Paleness is an abnormal loss of color from normal skin or mucous membranes.
Unless pale skin is accompanied by pale lips, tongue, palms of the hands, inside of the mouth, and lining of the eyes, it is probably not a serious condition, and does not require treatment.
General paleness affects the entire body. It is most easily seen on the face, lining of the eyes, inner mouth, and nails. Local paleness usually affects a single limb.
How easily paleness is diagnosed varies with skin color, and the thickness and amount of blood vessels in the tissue under the skin. Sometimes it is only a lightening of skin color. Paleness may be difficult to detect in a dark-skinned person -- and is detected only in the eye and mouth lining.
Causes of Paleness
Paleness may be the result of decreased blood supply to the skin. It can also be due to decreased number of red blood cells (anemia). Paleness of the skin is not the same as loss of pigment from the skin. Paleness is related to blood flow in the skin rather than deposit of melanin in the skin.
Paleness can be caused by:
- Normal fair complexion
- Lack of exposure to the sun (it is healthier to be pale than tanned)
- Anemia (blood loss, poor nutrition, or underlying disease)
- Low blood sugar
- Chronic diseases including infection and cancer
When to Contact a Health Professional
Call your health care provider or emergency number if a person suddenly develops generalized paleness. Emergency action may be needed to maintain proper blood circulation.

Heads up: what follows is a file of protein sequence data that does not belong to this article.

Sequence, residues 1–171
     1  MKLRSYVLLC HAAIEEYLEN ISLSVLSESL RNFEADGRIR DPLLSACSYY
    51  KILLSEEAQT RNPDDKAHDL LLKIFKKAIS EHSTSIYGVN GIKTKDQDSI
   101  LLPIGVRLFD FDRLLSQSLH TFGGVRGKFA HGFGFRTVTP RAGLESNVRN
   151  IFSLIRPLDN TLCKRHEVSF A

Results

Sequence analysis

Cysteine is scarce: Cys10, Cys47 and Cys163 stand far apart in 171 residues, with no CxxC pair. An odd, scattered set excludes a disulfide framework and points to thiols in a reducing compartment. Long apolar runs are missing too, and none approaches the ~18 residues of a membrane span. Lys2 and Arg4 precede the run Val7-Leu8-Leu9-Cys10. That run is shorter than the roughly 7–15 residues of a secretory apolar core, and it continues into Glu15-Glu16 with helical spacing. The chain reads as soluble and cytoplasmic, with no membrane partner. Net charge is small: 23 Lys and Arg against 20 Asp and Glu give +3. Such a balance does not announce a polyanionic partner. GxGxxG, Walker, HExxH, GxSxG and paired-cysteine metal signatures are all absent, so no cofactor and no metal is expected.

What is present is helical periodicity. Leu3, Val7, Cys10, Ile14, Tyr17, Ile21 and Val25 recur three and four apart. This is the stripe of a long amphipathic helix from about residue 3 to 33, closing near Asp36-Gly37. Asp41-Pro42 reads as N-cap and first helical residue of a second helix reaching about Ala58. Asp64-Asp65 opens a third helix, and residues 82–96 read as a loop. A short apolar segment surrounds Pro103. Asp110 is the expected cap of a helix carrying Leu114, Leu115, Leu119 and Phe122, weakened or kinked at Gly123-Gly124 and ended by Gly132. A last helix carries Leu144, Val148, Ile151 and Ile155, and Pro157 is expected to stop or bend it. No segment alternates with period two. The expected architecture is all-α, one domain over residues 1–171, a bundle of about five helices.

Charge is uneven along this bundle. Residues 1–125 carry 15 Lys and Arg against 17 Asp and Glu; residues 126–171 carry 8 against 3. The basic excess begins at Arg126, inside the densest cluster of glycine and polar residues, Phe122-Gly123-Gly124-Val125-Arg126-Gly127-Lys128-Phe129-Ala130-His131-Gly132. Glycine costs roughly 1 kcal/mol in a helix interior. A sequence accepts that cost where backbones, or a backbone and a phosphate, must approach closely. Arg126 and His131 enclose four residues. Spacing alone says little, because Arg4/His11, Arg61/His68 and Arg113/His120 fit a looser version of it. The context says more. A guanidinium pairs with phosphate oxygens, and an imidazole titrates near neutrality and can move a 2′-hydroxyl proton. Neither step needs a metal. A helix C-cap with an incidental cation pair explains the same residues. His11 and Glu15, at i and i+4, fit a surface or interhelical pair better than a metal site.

Also call your health care provider if paleness is accompanied by shortness of breath, blood in the stool, or other unexplained symptoms.
What to Expect at Your Office Visit
The health care provider will examine you and ask about your medical history and symptoms, including:
- Did the paleness develop suddenly?
- Did it happen after reminders of a traumatic event?
- Are you pale all over or only in one part of the body? If so, where?
- What other symptoms do you have? For example, do you have pain, shortness of breath, blood in the stool, or are you vomiting blood?
- Do you have a pale arm, hand, leg or foot, and cannot feel a pulse in the area?
Tests that may be ordered include:
High WA, Tomasini CF, Argenziano G, Zalaudek I. Basic principles of dermatology. In: Bolognia JL, Jorizzo JL, Schaffer JV, eds. Dermatology. 3rd ed. Philadelphia, PA: Elsevier Saunders; 2012:chap 1.
Goldman L. Approach to the patient with possible cardiovascular disease. In: Goldman L, Schafer AI, eds. Goldman's Cecil Medicine. 24th ed. Philadelphia, PA: Elsevier Saunders; 2011:chap 50.
|Review Date: 4/14/2013
Reviewed By: Linda J. Vorvick, MD, Medical Director and Director of Didactic Curriculum, MEDEX Northwest Division of Physician Assistant Studies, Department of Family Medicine, UW Medicine, School of Medicine, University of Washington. Also reviewed by David Zieve, MD, MHA, Bethanne Black, and the A.D.A.M. Editorial Team.